earth-science-climatic-change-inorganic-phosphate

Figure 8: Monthly variations of inorganic phosphate (μM) from January 2010 to December 2011.

Seasons Months 2010 2011
Station I Station II Station I Station II
Post monsoon January 0.72 0.86 0.58 0.94
February 0.64 0.72 0.85 0.69
March 0.52 0.69 1.92 0.63
Summer April 0.89 0.67 0.96 0.98
May 0.52 0.63 0.62 0.72
June 2.63 1.96 2.45 2.31
Pre monsoon July 2.94 2.45 2.99 2.87
August 3.2 3.4 3.18 3.28
September 2.13 2.13 2.12 1.97
Monsoon October 2.94 3.1 2.81 3.48
November 3.11 3.2 3.31 2.54
December 3.64 4.12 3.76 4.19

Table 10: Monthly variations of inorganic phosphate (μM) from January 2010 to December 2011.

Reactive silicate

The reactive silicate was ranged from 30 to 123 μM in station I and 39 to 176 μM in station II. Minimum reactive silicate was recorded in the month of April (2010) and maximum in the month of December (2010) in station I. In station II, minimum reactive silicate was recorded in the month of April (2010) and maximum in the month of December (2011) (Table 11 and Figure 9).

earth-science-climatic-change-reactive-silicate

Figure 9: Monthly variations of reactive silicate (μM) from January 2010 to December 2011.

Seasons Months 2010 2011
Station I Station II Station I Station II
Post monsoon January 32 45 45 48
February 60 60 52 58
March 50 68 48 52
Summer April 30 39 36 67
May 41 48 41 56
June 42 64 37 59
Pre monsoon July 45 62 41 45
August 52 69 50 85
September 57 102 56 115
Monsoon October 55 120 64 149
November 73 130 81 154
December 123 142 100 176

Table 11: Monthly variations of reactive silicate (µM) from January 2010 to December 2011.

Discussion

Rainfall is the most important cyclic phenomenon in tropical countries as it brings important changes in the hydrographical characteristics of the marine and estuarine environments. In the present study, the peak values of rainfall were recorded during the monsoon season of November. The rainfall in India is largely influenced by two monsoons viz., south west monsoon on the west coast, northern and north-eastern India and by the northeast monsoon on the southeast coast [9]. On the other side, the tidal rhythm, water current and evaporation in summer produced only little variation in those parameters or mostly stable in the absence of rainfall. Maruthanayagam [10] have also reported the occurrence of bulk of rainfall during northeast monsoon season along the southeast coast of India.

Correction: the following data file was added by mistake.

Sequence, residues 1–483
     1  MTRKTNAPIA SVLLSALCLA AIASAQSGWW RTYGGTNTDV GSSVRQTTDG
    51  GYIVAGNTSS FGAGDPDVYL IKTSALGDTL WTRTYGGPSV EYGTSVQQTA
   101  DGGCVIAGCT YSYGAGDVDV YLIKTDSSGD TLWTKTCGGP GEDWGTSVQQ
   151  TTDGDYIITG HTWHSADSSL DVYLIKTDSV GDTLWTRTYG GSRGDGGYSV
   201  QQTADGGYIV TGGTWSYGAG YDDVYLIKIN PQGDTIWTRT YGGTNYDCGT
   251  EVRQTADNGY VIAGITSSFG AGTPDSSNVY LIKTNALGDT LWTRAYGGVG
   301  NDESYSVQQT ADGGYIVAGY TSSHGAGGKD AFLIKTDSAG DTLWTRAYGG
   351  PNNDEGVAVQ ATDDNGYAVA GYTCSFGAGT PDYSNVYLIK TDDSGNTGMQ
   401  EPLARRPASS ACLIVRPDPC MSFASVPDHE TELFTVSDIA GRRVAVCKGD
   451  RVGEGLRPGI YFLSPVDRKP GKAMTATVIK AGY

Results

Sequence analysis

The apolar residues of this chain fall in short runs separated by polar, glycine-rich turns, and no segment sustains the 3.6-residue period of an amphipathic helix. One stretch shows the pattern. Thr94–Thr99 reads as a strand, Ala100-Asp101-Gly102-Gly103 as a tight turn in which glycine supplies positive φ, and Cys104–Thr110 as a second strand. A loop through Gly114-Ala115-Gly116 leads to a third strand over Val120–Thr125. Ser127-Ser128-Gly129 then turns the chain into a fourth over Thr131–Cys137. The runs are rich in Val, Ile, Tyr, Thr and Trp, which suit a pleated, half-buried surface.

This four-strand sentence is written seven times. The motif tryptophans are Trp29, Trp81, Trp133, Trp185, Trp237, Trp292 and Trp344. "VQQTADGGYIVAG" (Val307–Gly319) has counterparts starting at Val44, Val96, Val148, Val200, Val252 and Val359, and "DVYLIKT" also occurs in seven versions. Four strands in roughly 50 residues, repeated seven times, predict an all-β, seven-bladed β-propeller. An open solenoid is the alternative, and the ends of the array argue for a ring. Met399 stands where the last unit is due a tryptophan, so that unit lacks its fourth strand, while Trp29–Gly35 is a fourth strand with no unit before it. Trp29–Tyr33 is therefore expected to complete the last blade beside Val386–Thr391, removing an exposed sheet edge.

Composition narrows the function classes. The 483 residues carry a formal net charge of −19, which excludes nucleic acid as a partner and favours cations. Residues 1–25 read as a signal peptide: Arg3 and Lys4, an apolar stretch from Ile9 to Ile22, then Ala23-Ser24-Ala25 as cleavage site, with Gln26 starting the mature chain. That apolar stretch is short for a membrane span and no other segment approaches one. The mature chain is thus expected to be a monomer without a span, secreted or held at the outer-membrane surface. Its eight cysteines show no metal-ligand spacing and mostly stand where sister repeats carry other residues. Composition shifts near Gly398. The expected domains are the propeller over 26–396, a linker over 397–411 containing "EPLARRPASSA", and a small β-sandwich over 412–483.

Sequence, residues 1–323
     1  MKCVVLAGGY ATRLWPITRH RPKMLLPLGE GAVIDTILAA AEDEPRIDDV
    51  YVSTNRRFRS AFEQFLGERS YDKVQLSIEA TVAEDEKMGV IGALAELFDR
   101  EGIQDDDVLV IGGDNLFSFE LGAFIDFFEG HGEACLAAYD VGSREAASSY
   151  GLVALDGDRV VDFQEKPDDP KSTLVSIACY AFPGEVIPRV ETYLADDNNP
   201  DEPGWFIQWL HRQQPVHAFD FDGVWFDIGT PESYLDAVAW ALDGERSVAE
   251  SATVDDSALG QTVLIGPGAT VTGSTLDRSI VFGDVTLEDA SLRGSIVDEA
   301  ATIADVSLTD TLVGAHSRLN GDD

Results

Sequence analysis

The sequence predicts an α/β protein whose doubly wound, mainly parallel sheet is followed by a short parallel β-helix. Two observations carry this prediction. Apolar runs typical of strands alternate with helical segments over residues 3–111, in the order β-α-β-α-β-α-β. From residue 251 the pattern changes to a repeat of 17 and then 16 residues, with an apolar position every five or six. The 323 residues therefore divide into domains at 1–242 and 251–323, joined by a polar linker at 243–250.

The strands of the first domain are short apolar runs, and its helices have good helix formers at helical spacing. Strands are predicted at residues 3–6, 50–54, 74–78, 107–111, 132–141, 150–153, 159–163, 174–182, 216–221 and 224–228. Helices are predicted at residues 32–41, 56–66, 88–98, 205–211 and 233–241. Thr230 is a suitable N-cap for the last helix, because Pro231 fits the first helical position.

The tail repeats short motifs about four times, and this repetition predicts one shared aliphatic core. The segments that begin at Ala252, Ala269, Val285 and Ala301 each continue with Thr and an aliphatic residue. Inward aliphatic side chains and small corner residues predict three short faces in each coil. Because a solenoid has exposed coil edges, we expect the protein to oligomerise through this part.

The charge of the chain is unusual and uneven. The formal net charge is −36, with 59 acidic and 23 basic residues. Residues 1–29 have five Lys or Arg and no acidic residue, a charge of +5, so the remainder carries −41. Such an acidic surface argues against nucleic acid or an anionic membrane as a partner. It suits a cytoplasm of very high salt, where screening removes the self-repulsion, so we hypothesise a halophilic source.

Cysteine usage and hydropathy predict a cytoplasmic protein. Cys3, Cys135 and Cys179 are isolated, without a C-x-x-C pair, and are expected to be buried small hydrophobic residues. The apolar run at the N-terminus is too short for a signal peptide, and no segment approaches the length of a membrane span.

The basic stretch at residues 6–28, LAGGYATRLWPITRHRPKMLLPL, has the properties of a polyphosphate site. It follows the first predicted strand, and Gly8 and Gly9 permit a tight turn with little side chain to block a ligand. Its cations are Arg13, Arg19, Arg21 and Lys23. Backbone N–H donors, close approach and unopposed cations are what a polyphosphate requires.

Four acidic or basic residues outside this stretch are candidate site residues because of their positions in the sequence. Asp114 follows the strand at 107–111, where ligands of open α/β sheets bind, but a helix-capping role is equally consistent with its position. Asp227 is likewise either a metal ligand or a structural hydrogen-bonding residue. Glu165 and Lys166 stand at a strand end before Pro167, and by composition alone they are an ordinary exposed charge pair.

The temperature variation is one of the factors in the coastal and esturine system, which may influence the physico-chemical characteristics and turn influence the distribution and abundance of flora and fauna. In the present study, it has been observed that high temperature noticed in the months of May and June (summer) for both the stations. Lower temperature was noticed in the the month of December (monsoon). Generally, surface water temperature is influenced by the intensity of solar radiation, evaporation, freshwater influx and cooling and mix up with ebb and flow from adjoining neritic waters. The water temperature during December was low because of high rainfall, strong land sea breeze and precipitation. Similar observations have been already made by many scientists [11-13].

The salinity act as a major ecological factor in the distribution of living organisms and its variation caused by dilution and evaporation is most likely to influence the faunal distribution of the coastal ecosystems [14]. In the present study maximum salinity was recorded in summer especially in the months of May and June and minimum during monsoon particularly in the month of December for both the stations. In general the salinity was influenced by high temperatures of both atmospheric and water. During monsoon season, rainfall and freshwater inflow from the land were moderately reduced the salinity [12,13,15]. Changes in salinity and nutrient concentration play a major role in controlling the distribution of phytoplankton [16].

Hydrogen ion concentration (pH) in surface waters remained alkaline throughout the study period for both the stations with maximum value during the month of June (summer) and minimum during the months of November-January (monsoon and postmonsoon). Higher value of pH during summar was due to uptake of CO2 by photosynthesizing organisms [3,17]. The high summer pH might be due to the influence of sea water penetration as high biological activity [18] and due to influence of high photosynthetic activity [4]. The low pH observed during the months of November-January may be due to the influence of freshwater, dilution of sea water, low temperature and organic matter decomposition as suggested by Ganesan [19]. Smilar trend was already reported by Thangaraj [20] and Srinivasan [21] from Vellar estuarine system, Mathevan [22] from Cuddalore Uppanar waters and Ananthan [3] from Pondicherry coastal waters and Ananthan [13] from Chennai coastal waters.